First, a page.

4. 4. Organizations outside of the manufacturing sector are beginning to see the need to embrace ideas such as lean manufacturing. More specifically, they see the need to eliminate unnecessary waste and the need for a streamlined approach to process training. As we roll ever further into the 21st century, continuous improvement and the need for excellence will continually force companies to identify ways to perform tasks better, faster, and cheaper. It’s good to know that fundamental approaches such as JI training are never changing and are just as effective today. Job Instruction Training Four-Step Method Step 1: Prepare the student      Put the students at ease. Tell them the name of the job. Find out what they already know. Get the students interested in learning the job. Place the students in the correct positions. Step 2: Present the operation      Tell, show, and demonstrate each important step one at a time. Tell, show, and demonstrate each important step with key points. Tell, show, and demonstrate each important step with key points and reasons for the key points. Instruct clearly, completely, and patiently. Do not give them more information than they can master at one time. Step 3: Try out performance      Have them try the job while you correct any errors. Have them do the job again while explaining the important steps. Have them do the job again while explaining the important steps and key points. Have them do the job again while explaining the important steps, key points, and reasons for the key points. Repeat the step until you know they understand. Step 4: Follow up      Let them work on their own. Assign someone they can go to for help. Check on them frequently. Encourage them to ask questions. Gradually reduce the extra coaching and close follow-up.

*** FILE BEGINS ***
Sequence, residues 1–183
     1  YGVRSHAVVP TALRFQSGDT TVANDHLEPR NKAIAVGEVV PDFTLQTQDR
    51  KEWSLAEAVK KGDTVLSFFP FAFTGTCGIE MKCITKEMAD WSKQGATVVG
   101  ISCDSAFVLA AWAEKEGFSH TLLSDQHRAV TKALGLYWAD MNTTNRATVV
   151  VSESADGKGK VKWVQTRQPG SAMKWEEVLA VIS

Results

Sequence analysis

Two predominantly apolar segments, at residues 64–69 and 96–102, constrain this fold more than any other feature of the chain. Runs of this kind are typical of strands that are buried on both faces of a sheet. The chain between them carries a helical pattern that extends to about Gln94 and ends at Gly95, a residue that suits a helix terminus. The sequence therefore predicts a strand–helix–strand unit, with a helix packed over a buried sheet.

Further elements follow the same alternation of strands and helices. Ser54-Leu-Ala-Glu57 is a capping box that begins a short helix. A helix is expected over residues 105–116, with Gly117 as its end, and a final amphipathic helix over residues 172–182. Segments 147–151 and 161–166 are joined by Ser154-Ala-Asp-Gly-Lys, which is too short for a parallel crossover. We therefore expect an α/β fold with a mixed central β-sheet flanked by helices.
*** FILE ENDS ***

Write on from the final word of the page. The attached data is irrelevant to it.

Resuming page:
5. 5. Use of Job Instruction Training at the Kohler Company The Kohler Company facility in Union City, Tennessee, needed to develop a training program that ensured all production operators were following the standard operating procedures that had been written for its bathtub and shower door production processes. Process variation was very high throughout the plant, specifically in the glass department. Since the department ran four different production crews on rotating 12-hour schedules, each crew had developed its own way of setting up the operational equipment. Traditionally each crew would change the set-up parameters of the previous crew, which caused a significant amount of downtime due to operational inefficiency. Job instruction (JI) training was introduced to the glass department, and JI breakdown sheets were written for the set-up processes. Each operator on the four crews was then trained on the proper set-up process using the JI model. During the next three months, the glass department saw a significant decrease in variation. After everyone was trained on the "one best way," the machine set-up times were reduced significantly. During that same period, the glass department also reported an improvement in labor efficiency resulting from the improved production capability of their operational equipment. In addition, JI training led to a reduction in the overall time to competency for new employees in the department. After the initial success, JI training was implemented throughout the rest of the facility. Many of the operators who had been doing the same job for many years stated that they were glad to finally learn the "right way" to do the job they had performed for so long. Details Communities of Practice: Learning & Development Authored By:  Denny Hall Denny Hall has worked in the training and development field for more than 13 years. His primary expertise is in the area of industrial training system design and development. He has worked with the Training Within Industry job instruction (JI) training model for seven years and has used it at two different organizations. Hall’s team at Marvin Windows and Doors of Tennessee received a 2008 ASTD BEST Award for successfully incorporating JI training into Marvin's new-hire orientation program.